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Over the past five years, India has been witness to a silent but important transformation. Household access to civic amenities such as power, clean fuel, toilets and mobiles have gone up sharply, a Mint analysis of data from the National Family Health Survey (NFHS) conducted in 2015-16 and the last census conducted in 2011 shows.

Between 2011 and 2015-16, share of households with access to electricity rose 20 percentage points to 88%. The share of households with access to toilets rose 14 percentage points to 60%, and the share of households with access to clean fuel rose 15 percentage points to 44%. Unsurprisingly, the increase in the access to a phone was the highest, with the share of households with at least one phone rising 27 percentage points to 91%.

India’s decadal census provides the most comprehensive information on household access to amenities across the country. NFHS, given its wide coverage, is the second best source that helps us understand where the country stood at the half-way mark between census 2011 and the yet-to-be-conducted census 2021. With coverage of more than 600,000 households, NFHS 2015-16 also provides, for the first time, district-level representative estimates of household assets and amenities.

As with most things in India, there are wide variations in access to basic amenities. Access to toilets is very poor in parts of Uttar Pradesh (primarily Avadh and Bundelkhand regions) as well as in parts of Bihar, Odisha, Chhattisgarh and Madhya Pradesh.

The rise in access to toilets between 2011 and 2015-16 in these parts of the country has also been very poor. Toilet coverage is high in the extreme south, parts of north-west India, and in the north-eastern states, the NFHS data show. Only flush and pit toilets have been considered here.

Access to clean fuel (liquefied petroleum gas, natural gas, electricity or biogas) for cooking follows an east-west divide similar to the divide in affluence between the two halves of the country.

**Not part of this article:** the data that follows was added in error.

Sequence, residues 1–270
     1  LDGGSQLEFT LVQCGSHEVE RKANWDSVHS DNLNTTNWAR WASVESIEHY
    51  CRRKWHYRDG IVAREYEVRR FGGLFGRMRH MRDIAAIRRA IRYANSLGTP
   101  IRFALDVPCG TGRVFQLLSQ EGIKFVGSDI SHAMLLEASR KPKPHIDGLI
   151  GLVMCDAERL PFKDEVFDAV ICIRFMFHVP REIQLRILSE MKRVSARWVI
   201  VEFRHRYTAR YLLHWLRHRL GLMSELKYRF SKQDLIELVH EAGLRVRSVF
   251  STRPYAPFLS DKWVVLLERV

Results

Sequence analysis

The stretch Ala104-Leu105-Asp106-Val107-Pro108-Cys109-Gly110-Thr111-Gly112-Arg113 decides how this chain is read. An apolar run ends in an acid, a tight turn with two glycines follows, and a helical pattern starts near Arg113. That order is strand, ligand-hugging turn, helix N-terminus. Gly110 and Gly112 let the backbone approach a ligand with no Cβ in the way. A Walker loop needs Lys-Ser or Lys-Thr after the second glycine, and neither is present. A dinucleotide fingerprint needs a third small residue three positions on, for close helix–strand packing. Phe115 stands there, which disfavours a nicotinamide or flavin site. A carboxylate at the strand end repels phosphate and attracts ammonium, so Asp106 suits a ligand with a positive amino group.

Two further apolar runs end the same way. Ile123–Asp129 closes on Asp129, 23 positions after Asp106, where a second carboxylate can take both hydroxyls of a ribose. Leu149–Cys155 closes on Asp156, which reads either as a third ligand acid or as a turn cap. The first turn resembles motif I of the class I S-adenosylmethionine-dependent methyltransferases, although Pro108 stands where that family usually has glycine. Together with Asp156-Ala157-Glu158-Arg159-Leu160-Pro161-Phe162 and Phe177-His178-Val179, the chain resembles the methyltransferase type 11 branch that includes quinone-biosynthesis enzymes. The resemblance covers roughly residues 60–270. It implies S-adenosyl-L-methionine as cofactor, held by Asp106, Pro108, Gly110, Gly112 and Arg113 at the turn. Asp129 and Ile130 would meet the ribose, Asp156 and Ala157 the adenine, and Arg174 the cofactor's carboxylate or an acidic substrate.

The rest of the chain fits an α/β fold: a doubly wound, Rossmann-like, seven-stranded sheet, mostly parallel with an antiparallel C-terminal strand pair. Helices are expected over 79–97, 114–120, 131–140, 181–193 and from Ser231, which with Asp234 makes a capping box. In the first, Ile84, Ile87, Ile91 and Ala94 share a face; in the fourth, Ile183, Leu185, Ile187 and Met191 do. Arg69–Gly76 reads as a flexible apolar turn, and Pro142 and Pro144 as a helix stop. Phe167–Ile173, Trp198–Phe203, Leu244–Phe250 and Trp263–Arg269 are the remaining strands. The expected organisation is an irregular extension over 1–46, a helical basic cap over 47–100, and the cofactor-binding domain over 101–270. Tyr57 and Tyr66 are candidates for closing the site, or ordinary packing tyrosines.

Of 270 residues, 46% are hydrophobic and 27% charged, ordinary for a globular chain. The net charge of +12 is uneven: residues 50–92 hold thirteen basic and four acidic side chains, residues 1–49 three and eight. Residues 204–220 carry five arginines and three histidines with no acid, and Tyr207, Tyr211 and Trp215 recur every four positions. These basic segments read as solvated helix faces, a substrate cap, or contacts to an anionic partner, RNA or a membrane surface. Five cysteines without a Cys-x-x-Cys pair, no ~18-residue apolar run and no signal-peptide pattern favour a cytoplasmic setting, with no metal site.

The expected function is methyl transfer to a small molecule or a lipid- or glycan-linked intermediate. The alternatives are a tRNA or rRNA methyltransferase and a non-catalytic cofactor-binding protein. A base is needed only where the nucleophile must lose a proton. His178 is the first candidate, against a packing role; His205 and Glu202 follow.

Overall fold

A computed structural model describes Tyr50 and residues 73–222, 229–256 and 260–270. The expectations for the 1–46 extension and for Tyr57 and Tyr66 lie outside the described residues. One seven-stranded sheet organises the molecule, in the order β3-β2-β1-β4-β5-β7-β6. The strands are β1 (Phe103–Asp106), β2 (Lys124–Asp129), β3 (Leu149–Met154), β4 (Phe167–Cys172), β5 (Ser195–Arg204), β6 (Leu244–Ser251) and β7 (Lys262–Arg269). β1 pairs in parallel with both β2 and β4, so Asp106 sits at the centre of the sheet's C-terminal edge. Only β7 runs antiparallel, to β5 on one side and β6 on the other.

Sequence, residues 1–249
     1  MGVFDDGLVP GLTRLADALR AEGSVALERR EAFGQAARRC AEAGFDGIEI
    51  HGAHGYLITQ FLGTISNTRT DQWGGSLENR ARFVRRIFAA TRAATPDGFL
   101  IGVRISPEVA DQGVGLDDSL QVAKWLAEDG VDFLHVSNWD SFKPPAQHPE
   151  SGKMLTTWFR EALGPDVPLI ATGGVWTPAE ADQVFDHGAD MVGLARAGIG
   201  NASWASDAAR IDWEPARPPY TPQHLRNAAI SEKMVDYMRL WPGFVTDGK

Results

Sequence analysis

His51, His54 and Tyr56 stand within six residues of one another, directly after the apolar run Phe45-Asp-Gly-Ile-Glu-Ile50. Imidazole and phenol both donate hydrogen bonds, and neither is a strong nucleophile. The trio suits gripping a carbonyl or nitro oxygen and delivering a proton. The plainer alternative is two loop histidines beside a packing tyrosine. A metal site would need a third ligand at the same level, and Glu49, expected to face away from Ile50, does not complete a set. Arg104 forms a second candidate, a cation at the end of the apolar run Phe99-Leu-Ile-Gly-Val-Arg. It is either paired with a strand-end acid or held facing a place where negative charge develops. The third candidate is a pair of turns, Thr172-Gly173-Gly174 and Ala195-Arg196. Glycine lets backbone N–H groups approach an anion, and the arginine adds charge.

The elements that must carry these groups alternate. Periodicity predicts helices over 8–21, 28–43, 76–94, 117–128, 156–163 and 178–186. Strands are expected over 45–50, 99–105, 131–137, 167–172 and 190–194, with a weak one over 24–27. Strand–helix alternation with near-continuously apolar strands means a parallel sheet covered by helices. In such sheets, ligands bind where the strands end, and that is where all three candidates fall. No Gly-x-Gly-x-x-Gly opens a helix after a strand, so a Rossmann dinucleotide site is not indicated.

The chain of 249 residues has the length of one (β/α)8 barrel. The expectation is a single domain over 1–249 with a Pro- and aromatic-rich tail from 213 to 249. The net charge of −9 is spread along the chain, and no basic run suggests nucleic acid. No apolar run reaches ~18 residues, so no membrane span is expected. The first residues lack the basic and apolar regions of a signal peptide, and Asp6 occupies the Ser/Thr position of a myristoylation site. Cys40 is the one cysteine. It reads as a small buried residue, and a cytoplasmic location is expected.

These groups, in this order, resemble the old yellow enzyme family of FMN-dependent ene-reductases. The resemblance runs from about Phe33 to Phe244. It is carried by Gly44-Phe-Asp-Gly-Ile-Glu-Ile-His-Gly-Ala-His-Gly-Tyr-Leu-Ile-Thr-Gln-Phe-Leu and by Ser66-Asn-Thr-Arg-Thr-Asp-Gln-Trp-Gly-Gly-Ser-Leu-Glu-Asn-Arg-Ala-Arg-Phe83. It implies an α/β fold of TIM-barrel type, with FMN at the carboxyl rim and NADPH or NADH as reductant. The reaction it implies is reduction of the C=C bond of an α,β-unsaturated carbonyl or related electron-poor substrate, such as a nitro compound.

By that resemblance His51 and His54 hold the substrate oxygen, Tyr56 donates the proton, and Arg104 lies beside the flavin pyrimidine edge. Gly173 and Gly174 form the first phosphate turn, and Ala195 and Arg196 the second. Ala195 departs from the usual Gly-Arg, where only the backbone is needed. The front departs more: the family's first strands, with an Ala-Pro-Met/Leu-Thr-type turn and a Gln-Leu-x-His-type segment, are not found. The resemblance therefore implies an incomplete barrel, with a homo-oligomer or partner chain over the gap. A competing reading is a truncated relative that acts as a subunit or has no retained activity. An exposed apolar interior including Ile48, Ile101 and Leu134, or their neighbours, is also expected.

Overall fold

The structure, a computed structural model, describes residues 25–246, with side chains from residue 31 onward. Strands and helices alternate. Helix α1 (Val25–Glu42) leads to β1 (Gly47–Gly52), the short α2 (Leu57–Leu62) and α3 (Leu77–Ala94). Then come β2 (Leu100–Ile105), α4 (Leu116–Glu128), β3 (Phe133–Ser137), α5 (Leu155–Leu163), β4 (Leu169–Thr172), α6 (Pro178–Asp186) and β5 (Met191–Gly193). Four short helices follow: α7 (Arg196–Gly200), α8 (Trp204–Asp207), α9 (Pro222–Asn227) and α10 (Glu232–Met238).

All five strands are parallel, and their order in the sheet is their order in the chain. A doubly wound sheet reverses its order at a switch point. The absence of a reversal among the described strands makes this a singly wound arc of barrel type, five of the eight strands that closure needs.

The silver lining is that parts of the east are catching up now.

The catch up is even more evident when it comes to access to electricity (Charts 2A and 2B). Odisha, Bihar and Assam saw among the greatest improvements in access to power between 2011 and 2015-16, the analysis shows. Yet, access to electricity in these states is much lower than the national average. The analysis has been done using household rather than individual weights, to make the NFHS figures comparable with the household figures available from census 2011.

Kurung Kumey district in Arunachal Pradesh seems to have witnessed the greatest improvement in access to toilets between 2011 and 2015-16, followed by Kiphire district in Nagaland. Boudh and Malkangiri districts in Odisha saw the biggest improvements in access to electricity over this period.

Pulwama and Anantnag districts in Jammu and Kashmir seem to have witnessed the greatest improvements in access to clean cooking fuel over the same period.

Among the six top urban agglomerations, access to toilets was the highest in the Bengaluru region (95%) and lowest in Hyderabad region (82%) in 2015-16. Most households in all the urban agglomerations had access to electricity and clean cooking fuel, the data show.

Apart from urbanization, education seems to be the other key determinant of access to amenities. Households with educated members are much more likely to have toilets, and have access to clean cooking fuel compared with other households (Charts 3 and 4).

For classifying households by education, the qualification of the most educated member in household is considered here.

The impact of education appears pronounced also because of a strong link between educational attainment and affluence of a household. As the first part of this series showed, there is a strong link between education and wealth across Indian households.

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This is the concluding part of a four-part series on India’s new geography of wealth.

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